Anything Can be Used for File Storage if You Use it Wrongly Enough

  • July 31, 2023
  • Nick Maloney
  • 3 min read

I recently came across the most excellent blog post “Anything can be a message queue if you use it wrongly enough” (It is a fun read and I highly recommend checking it out). After reading it, it dawned on me that I recently created an abomination that essentially did the inverse, I used a “message queue” (if you would please indulge me in considering Redis one) as a semi-ephemeral file storage service. Please do not use this for production, you have been warned!

In building out a proof-of-concept for some fun with Machine Learning (ML) audio processing, I needed a quick, easy way to store processed files. One of the challenges was that files required multiple processing steps across different services so local file storage was not the best option. The ideal solution would be to use something like S3, but given this was purely a proof of concept (POC) and being a lazy developer, I was looking for something simple and easy. The processing was happening via the most excellent Dramatiq library, which uses Redis. This got me thinking that Redis is actually pretty well suited for this use case; it stores binary data well, is relatively fast, is quite stable AND by using expiration param in SET it would handle house cleaning of old files.

For the sake of this example, we’ll create a simple Flask application that handles POST requests for file uploads and saves them to Redis, using a sha256 of the payload as the key:

from flask import Flask, request, Response, send_file
import base64
import datetime
import hashlib
import logging
import magic
import mimetypes
import re
import redis

app = Flask(__name__)

r = redis.Redis(host='localhost', port=6379, db=0)

@app.route("/", methods=["POST"])
def create() -> Response:
  file = request.files['file']
  encoded_file = base64.b64encode(
  key = hashlib.sha256(encoded_file).hexdigest()
  expiration_time = datetime.timedelta(hours=24)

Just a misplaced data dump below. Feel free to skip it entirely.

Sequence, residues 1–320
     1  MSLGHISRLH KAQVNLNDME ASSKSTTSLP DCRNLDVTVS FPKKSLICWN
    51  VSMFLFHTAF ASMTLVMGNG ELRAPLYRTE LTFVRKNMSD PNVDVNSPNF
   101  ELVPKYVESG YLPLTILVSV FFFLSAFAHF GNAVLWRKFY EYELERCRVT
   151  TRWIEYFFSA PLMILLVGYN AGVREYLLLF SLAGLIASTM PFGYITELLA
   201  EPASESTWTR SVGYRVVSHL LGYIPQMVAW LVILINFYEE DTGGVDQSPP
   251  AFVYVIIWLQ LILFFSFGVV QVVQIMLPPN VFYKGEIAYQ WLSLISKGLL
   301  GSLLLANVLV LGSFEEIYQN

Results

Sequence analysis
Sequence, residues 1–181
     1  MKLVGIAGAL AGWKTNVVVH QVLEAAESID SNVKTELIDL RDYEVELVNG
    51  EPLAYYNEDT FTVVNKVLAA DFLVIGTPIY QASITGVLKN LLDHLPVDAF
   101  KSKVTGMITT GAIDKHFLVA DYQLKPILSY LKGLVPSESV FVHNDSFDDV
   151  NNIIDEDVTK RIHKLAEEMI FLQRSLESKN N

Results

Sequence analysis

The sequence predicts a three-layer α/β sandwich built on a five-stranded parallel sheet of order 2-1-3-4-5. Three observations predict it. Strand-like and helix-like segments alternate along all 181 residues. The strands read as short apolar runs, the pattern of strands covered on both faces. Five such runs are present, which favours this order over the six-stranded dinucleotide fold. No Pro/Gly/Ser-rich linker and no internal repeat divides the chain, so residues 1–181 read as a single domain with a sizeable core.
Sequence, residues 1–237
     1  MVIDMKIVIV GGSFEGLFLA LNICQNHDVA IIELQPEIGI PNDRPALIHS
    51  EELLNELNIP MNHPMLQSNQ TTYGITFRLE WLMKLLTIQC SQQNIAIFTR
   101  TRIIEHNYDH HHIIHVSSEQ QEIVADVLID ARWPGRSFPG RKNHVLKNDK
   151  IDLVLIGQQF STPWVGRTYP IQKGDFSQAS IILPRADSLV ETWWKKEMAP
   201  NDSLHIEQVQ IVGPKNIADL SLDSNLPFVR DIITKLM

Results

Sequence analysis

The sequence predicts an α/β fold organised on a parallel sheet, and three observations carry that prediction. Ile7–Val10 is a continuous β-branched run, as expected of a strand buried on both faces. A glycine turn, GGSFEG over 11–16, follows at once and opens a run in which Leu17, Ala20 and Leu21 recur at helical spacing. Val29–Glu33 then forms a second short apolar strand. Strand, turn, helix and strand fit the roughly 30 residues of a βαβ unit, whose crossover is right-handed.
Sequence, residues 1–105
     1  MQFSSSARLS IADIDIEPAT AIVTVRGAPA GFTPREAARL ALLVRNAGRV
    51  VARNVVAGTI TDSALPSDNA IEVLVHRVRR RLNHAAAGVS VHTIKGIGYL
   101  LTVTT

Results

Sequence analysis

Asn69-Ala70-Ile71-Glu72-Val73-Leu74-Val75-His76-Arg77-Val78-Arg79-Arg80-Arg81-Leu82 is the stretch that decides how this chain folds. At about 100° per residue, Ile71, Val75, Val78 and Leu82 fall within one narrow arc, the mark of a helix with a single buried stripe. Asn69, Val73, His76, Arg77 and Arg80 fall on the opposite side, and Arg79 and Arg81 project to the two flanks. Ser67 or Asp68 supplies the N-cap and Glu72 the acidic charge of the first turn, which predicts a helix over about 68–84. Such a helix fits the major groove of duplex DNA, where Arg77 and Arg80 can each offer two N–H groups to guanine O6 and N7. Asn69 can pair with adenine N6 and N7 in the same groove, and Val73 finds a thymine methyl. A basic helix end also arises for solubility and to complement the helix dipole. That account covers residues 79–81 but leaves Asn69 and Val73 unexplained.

r.set(key, encoded_file, ex=int(expiration_time.total_seconds()))
  return str(key)

The example above will save the data to Redis and return the key. It sets the file to expire in 24 hours.

To retrieve the files, we’ll use a few utilities for attempting to determine mime-type/extension of the saved files and use Flask’s send_file method for the response.

@app.route("/", methods=["GET"])
def show(key) -> Response:
  encoded_file = r.get(key)
  if encoded_file is None:
    return "File not found", 404
  decoded_file = base64.b64decode(encoded_file)
  mimetype = magic.from_buffer(decoded_file, mime=True)
  file_extension = mimetypes.guess_extension(mimetype)
  temp_filename = f'{key}.{file_extension}'

  with open(temp_filename, 'wb') as temp_file:

  return send_file(temp_filename, mimetype=mimetype, as_attachment=True)

Using that endpoint, GET requests made to /sha_of_file will return the file, with the appropriate mime-type/extension.

…and there you have it. This ended up working quite well for an audio processing pipeline, quickly and easily being able to send audio files exceeding 100mb. The Dramatiq library has the concept of storing results between tasks baked in, but doesn’t solve for sending results back over the wire to the browser. Again, do not use this in a production app, but I would absolutely use this technique again for future POC projects.

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